Avoiding Mistakes: How Due Diligence Can Save Your VC Investment
There can be a lot of power in an idea, if you also have the ability to capture it, harness it, and bring it to fruition. However, from an investor’s view, a truly great idea is only as good as its ability to be commercialized and subsequently seeded, scaled, and managed. Even the simplest concepts can pave the way for innovation, propelling our economy forward and creating opportunities for all. However, an idea is rarely monetized on its own. There must be the right combination of vision, grit, execution, and that “it” factor.
Early-stage companies often have the most innovative ideas, highest growth potential, and a unique market position. However, these opportunities are associated with several risks, including, lack of market traction, lack of funds available, and ultimately potential failure. This is why we emphasize extensive due diligence as a way of de-risking (as much as possible) the investment.
Due diligence is the process of analyzing a prospective investment before investing. This helps investors to identify risks, evaluate potential opportunities, and make informed investment decisions. The basic purpose of due diligence is to answer financial, operational, cultural, and legal queries related to the company’s history, background, prospects, business plan, and goals. It is also conducted to ensure that the information and materials provided by the company are an accurate representation of the business. The greater the time dedicated to due diligence, the better the understanding of the business and the clearer the risk/reward profile the investment opportunity becomes.
DCA Asset Management’s diligence process focuses on three core pillars:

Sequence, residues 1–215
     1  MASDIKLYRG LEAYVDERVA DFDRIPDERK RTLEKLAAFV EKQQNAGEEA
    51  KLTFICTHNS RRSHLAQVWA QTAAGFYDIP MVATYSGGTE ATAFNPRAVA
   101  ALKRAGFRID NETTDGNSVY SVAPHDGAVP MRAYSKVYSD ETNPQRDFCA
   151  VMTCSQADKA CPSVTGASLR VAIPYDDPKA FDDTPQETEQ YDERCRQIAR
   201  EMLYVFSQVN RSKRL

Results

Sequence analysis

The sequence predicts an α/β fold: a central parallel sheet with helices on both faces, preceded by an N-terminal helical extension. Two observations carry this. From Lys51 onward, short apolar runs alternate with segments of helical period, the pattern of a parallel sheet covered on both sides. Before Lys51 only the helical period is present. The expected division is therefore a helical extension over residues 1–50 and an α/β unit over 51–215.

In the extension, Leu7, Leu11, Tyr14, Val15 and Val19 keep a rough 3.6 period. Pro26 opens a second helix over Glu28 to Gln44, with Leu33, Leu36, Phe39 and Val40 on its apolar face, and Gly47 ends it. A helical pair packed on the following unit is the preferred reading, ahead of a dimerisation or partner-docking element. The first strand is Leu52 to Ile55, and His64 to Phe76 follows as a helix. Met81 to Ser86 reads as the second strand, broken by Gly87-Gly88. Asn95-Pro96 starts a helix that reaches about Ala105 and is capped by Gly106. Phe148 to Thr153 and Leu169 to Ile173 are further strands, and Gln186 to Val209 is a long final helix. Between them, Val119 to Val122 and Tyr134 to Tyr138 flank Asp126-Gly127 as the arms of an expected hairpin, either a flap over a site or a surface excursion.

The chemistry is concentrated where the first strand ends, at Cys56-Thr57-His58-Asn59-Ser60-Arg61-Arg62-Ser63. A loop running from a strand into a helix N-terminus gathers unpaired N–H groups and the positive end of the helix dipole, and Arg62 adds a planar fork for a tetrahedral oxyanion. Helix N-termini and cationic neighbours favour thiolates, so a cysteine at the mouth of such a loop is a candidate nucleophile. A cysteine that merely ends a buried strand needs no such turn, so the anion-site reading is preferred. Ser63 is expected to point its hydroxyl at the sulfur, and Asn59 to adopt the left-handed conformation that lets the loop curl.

1) Vertical and market size assessment – what is the total market opportunity?
2) Thorough review of the financials, founder(s) team, and product
3) The terms of the deal, governance, and returns
DCA’s Stringent Due Diligence Process
We begin the due diligence process by researching the business vertical in which the company competes. This allows us to gain a better understanding of market size and what the true total addressable market (TAM) is, market trends, key competitors, and opportunities for growth. We also evaluate the company’s competitive advantages and its unique value proposition to identify where each company fits within the relative landscape.
We then dig into the company’s background, its founder base, and team. This includes reviewing the company’s founding history, future roadmap, and the experience and qualifications of the management team. It’s important to have confidence in the management team’s ability to execute on the company’s vision. The team’s track record, industry experience, and commitment to the company’s mission are carefully factored into our assessment.
The next step is to review the company’s business model and potential for growth. This involves understanding the revenue streams, cost structure, and ability to scale. We carefully evaluate the company’s intellectual property (patents, trademarks and other forms of IP) and its ability to protect its competitive advantages. As part of this process, we also scrutinize the company’s marketing and sales strategy, to better understand the customer acquisition process and growth potential.
In our diligence process, we typically ask that a product demonstration be done live with the CEO. On top of this we closely review the product features to find product moats and areas of improvement. If necessary, we follow up with the CTO, to get a firm understanding of any technology involved. In conjunction with these demos, we also take a deep dive into the product roadmap to understand the future trajectory of the companies offering and weigh the likely costs and hurdles to achieve the milestones on their roadmap.
Rounding out our analysis of a company’s potential is a review of their go-to-market (GTM) strategy, or their plan for bringing a product or service to customers. We scrutinize the company’s current channels, as well as the overall processes they have in place and whether they have successfully executed on their strategy. We also typically assess the company’s positioning to implement future GTM strategies to broaden their product offering.